London

Simon Lewty

Austin/Desmond & Phipps

In Simon Lewty’s show defacement becomes a full-blown practice of picture-making. The fact that words sometimes resemble, or can be made to resemble, pictures, and vice versa, informs a grim circularity—a stasis, in fact, not unlike the sort depicted in the high-Modernist drama of Samuel Beckett. But bear in mind that the void of meaning produced by excess can only be pulled off if you suspend your critical faculties of differentiation in the first instance; street signs in Arabic or Cyrillic look fascinatingly exotic until you learn to read them, and realize that they signify the familiar “restaurant,” “barbershop,” and “hotel.”

It is for this reason that I hasten to add that Lewty’s work, despite its claim of offering us a new, if not humanist, insight into the controversy of ekphrasis, remains turgid and inert. The imploded mass of self-cancellation that is Lewty’s pictorial field is densely populated with gaping maws, hybrid monstrosities, cavorting and gesticulating figures or parts of figures, more often than not obsessively (though tastefully) defaced with a variety of illegible runic calligraphy. The relative clarity of the work of the mid ’70s has given way to a dog’s breakfast, where the protocols of discursive engagement have (almost) been ignored for the greater good of a surrealism of language. The tonalities, figurations, and fussiness about materials found in these works speak directly to an audience hungry for humanist rubrics; as pictures they are less like the poignant existential maps they could have become, and more like the overly abundant and pretentious works of symbolism made solely for the purpose of flattering the intelligence of the patron. What seems to be absent from Lewty’s pictures is the possibility for either hiatus or reconciliation. For all their visual plenty, Lewty’s pictures seem absurdly ungrounded and generally uncertain of their status as pictures or illustrations. In a promising way, his Pointing Man, 1990, says as much. But the promise is rarely fulfilled in this body of work. Too much of it has the self-important look of antique manuscripts; only the facile, glossy surfaces of the drawings—tour de forces of tissue paper, PVA, pen and ink––rescue the work from sheer tedium; but only if you think of them as découpaged pages from the workshop of some suburban scribe.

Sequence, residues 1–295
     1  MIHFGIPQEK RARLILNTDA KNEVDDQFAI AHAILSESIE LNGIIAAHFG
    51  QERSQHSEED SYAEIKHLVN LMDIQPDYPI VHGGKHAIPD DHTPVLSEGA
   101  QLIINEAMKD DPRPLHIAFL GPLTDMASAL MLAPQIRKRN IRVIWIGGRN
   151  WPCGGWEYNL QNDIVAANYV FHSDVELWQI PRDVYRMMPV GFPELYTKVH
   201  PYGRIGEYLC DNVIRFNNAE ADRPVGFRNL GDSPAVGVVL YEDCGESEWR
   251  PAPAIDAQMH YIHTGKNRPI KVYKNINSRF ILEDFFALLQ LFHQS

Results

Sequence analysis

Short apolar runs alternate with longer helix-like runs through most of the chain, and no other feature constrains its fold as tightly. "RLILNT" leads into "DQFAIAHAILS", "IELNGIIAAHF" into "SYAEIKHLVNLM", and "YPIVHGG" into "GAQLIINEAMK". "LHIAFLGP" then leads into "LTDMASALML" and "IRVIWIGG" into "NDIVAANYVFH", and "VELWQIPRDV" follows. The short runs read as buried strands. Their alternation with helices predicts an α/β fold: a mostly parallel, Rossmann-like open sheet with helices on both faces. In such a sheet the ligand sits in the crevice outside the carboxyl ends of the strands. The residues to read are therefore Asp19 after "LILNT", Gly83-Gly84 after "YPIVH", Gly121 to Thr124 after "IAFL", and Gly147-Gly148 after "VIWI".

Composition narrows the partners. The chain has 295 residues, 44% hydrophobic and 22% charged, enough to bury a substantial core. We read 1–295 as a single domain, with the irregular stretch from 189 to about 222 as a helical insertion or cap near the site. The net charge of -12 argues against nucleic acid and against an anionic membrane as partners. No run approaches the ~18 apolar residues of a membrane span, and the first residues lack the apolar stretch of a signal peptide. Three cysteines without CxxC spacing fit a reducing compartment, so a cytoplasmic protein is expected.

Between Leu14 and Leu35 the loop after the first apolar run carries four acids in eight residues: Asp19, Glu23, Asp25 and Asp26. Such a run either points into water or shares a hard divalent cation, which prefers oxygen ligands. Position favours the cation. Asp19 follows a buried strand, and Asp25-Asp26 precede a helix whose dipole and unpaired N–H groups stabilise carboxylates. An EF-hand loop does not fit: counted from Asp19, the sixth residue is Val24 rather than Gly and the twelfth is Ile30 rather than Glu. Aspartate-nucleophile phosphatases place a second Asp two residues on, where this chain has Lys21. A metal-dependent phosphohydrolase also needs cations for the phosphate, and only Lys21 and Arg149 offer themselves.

––Michael Corris